What’s in the biomedical pipeline for CRISPR gene editing?

Credit: Gaia
Credit: Gaia

One great attraction of Crispr, says Niren Murthy, a bioengineer at Berkeley, is that it could be a one-shot affair. You have the treatment and the gene is fixed for good, rather than you having to return to the doctor every few months. 

Some researchers hope that Crispr can combat cancer. One approach would use gene-editing to boost our immune system so that it is better at destroying tumour cells. Such cancer immunotherapy is already showing great promise, but “Crispr could make it more efficient or effective,” says [CRISPR co-creator Jennifer] Doudna. “The basic concept is to edit a patient’s T-cells [a type of white blood cell central to the immune response] and reintroduce them to the bloodstream so that they can recognise and attack cancer cells.”


Atherosclerosis (a cause of stroke and heart disease) is another important target. Some people have a genetic vulnerability to it because their cells produce too much of a protein called PCSK9, which stops a molecule called LDL cholesterol from being broken down… That makes PCSK9-related atherosclerosis an ideal target for Crispr therapy.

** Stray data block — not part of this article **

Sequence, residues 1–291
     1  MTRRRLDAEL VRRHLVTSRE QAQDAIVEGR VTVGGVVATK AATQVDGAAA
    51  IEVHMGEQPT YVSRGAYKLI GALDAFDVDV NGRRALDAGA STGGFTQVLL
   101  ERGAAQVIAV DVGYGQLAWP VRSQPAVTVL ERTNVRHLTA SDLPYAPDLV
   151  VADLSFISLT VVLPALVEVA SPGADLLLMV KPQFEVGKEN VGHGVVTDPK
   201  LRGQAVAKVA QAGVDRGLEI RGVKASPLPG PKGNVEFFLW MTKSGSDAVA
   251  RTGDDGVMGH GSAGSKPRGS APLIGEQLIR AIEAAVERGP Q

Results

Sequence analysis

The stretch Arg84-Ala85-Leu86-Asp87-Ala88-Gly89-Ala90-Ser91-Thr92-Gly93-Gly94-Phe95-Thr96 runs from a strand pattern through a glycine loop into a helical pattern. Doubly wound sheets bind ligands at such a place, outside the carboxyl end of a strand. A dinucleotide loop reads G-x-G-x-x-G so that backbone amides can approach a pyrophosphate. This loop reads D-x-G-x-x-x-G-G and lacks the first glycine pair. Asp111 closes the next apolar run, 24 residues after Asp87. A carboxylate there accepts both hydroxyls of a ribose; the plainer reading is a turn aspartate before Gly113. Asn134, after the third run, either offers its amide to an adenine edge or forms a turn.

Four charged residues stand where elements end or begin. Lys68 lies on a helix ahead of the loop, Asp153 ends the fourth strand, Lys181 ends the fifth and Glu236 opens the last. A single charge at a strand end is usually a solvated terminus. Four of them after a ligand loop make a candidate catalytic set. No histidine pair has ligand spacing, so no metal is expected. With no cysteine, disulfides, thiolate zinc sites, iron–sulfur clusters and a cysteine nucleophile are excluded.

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Although Murthy says that widespread clinical use of Crispr therapies is still five to 10 years down the line, Doudna admits to being “constantly amazed at how quickly Crispr genome-editing has been adopted by researchers around the world”.

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